The histograms are suggestive, but we think they are not the ideal tool, especially since our data have some notable outliers and gaps that probably trace to data-sparseness. The boxplots in figure 2 seem superior:

Figure 2 (click to enlarge)
Boxplots for rise, fall, soar, and plunge

This is an information-rich visualization. It is worth pointing out various of its features, since they point uniformly to the idea that headline writers use these predicates reliably:

  • The most important data-point is the dark horizontal line in each plot. This is the median value. The values for rise and fall are close: 0.53 for rise and 0.63 for fall. In contrast, the median values for soar and plunge are higher: 1.5 and 1.9, respectively.
  • We can also compare the boxed areas. These delimit the values within the first and third quartiles — the core of the data. For each of the rise/soar and fall/plunge pairs, these areas do not overlap, a strong indication that their median values are genuinely different.
  • The downward whisker of soar (whose length extends 1.5 times the 25-50% inter-quartile range or to the minimum) does not overlap with the upper quartile (75%) of rise. The downward whisker for plunge just barely overlaps with the upper quartile of fall.

All these distributional features point to the conclusion that headline writers, like the rest of us, generally use rise and fall for modest changes, reserving their more picturesque counterparts for extreme changes in the market.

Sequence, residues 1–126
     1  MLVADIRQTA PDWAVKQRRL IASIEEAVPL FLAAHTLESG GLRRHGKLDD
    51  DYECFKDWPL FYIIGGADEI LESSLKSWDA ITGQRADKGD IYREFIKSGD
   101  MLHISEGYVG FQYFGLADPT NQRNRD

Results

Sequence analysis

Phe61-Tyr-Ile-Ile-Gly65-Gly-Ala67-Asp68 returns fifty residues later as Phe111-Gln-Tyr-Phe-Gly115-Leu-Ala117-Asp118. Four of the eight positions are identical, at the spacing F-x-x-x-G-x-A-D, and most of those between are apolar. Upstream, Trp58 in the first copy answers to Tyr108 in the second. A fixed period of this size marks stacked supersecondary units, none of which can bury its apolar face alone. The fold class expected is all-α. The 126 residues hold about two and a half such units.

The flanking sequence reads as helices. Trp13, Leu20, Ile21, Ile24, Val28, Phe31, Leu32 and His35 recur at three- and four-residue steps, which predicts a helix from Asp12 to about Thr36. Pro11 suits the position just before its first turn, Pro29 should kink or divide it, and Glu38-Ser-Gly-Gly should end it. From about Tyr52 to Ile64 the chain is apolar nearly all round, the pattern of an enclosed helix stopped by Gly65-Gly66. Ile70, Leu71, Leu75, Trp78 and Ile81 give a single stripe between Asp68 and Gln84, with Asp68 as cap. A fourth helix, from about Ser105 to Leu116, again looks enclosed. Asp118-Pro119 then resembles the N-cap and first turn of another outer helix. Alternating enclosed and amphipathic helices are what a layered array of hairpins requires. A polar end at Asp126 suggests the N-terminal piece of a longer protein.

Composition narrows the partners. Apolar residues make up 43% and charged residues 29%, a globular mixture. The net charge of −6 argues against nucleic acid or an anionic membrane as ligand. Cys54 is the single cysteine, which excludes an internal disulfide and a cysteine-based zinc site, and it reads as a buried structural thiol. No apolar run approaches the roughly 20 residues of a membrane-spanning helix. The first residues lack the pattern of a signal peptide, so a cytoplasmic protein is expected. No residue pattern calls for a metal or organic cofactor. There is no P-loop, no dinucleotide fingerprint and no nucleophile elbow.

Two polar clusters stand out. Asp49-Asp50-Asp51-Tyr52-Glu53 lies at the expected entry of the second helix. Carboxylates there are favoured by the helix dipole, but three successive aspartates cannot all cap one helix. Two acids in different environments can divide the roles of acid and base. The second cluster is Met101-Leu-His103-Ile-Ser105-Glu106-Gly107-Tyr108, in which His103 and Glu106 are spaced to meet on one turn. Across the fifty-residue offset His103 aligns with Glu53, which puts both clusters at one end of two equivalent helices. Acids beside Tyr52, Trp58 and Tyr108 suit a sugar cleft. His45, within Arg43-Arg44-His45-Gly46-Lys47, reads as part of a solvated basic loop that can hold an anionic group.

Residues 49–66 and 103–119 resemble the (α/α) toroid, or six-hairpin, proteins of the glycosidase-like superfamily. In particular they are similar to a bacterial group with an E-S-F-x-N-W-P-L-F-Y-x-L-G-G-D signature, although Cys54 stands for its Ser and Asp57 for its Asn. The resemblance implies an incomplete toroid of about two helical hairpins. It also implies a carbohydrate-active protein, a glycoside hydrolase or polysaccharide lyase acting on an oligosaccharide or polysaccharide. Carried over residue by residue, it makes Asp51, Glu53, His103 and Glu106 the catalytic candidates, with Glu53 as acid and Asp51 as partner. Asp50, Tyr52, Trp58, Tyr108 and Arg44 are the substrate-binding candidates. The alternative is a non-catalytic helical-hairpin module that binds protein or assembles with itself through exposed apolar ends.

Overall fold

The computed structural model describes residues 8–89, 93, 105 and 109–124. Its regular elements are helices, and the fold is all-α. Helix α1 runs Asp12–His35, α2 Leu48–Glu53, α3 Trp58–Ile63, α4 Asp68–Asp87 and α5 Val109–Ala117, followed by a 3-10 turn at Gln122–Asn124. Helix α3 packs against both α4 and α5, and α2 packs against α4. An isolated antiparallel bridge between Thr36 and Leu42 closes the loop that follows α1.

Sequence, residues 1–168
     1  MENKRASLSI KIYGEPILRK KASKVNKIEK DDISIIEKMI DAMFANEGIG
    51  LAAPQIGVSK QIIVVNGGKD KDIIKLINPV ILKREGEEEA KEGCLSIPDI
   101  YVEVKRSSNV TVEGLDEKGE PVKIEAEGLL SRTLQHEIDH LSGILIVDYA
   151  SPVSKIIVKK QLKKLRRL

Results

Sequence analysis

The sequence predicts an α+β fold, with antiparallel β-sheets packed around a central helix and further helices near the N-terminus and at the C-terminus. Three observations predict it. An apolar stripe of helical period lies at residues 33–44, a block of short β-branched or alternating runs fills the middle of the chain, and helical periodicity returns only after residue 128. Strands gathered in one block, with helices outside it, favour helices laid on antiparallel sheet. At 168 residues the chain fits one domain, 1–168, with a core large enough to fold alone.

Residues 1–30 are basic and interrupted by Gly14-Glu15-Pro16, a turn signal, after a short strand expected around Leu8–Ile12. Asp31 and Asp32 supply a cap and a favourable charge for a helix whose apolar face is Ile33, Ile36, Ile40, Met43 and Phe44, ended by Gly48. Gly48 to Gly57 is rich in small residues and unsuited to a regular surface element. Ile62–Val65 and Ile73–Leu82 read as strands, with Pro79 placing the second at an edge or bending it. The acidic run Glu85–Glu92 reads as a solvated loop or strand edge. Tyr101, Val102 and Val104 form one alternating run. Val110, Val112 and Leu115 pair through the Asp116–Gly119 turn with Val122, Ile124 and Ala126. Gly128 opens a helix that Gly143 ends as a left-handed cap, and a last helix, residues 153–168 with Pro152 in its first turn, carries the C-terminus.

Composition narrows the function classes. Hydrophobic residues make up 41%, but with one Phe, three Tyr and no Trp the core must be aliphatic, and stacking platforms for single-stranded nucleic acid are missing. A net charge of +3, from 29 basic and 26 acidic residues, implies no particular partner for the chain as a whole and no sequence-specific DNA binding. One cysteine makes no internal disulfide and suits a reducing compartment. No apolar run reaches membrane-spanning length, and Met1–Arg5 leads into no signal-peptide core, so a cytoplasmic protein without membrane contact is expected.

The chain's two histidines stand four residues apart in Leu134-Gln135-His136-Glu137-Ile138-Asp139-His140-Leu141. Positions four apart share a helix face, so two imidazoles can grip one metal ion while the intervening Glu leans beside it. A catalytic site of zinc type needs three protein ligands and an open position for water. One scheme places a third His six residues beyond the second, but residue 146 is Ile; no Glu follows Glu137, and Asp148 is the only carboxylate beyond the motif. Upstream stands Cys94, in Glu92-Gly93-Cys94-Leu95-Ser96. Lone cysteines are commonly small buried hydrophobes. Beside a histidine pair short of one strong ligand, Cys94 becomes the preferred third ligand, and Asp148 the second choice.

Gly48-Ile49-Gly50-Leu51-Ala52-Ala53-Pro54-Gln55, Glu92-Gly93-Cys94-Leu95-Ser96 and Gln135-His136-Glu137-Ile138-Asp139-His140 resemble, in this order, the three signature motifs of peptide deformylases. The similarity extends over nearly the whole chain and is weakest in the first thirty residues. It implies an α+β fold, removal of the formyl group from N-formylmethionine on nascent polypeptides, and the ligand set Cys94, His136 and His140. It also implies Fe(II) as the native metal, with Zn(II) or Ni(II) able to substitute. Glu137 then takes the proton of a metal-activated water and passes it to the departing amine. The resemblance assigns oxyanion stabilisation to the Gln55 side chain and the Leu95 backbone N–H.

Of course, we do not mean to say that the language is never misleading:

Left: Stock Soar;  Right: plunging graph

(Our thanks to Chris Davis for useful suggestions about how to present these numbers.)

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8 Comments »

  1. Martyn Cornell said,

    October 27, 2008 @ 10:07 am

    Having copy-edited (in the UK) and written headlines for stock market stories in the past, I can confirm that headline writers do indeed, as anyone would expect, try to convey some idea of the scale of price movements with the verbs they use. But I'd have guessed that "plunge" and "soar" were much less common in headlines than "fall" and "rise", and a quick and very dirty search through market stories over the past eight years in The Times (of London) seems to confirm this, with shares rise 40 times more common than shares soar, and shares fall 17 times more common than shares plunge.

    Of course, "rise" and "fall" will be made to look less common by adding in the numbers for other verbs, such as "climb or, "drop", and the prepositions "up" and "down". But there is going to be some distortion caused by the fact that, in most headline typefaces, "rise" is a "count" (number of character widths as measured against the width of the letter "n" in that typeface) of three and "fall" is a count of just two and a half, since r, i, f and l are generally only half-width characters, which will mean that for headline writers trying to get as as many words into a tight newspaper space as possible, "fall" is a better choice than, say, "plummet" (each "m" has a count of one and a half).

    If you looked at the stories, incidentally, as opposed to the headlines, I would guess you would find "rise" and "fall" used much less often, since the financial reporters who write market reports seem incapable of using the simple words when a synonym can be found: last Friday's Times, for example, uses the following words in place of "fell" – "lost", "down" "off", "lower", "tumbled", "faded", "slumped" and (yes) "plunged"..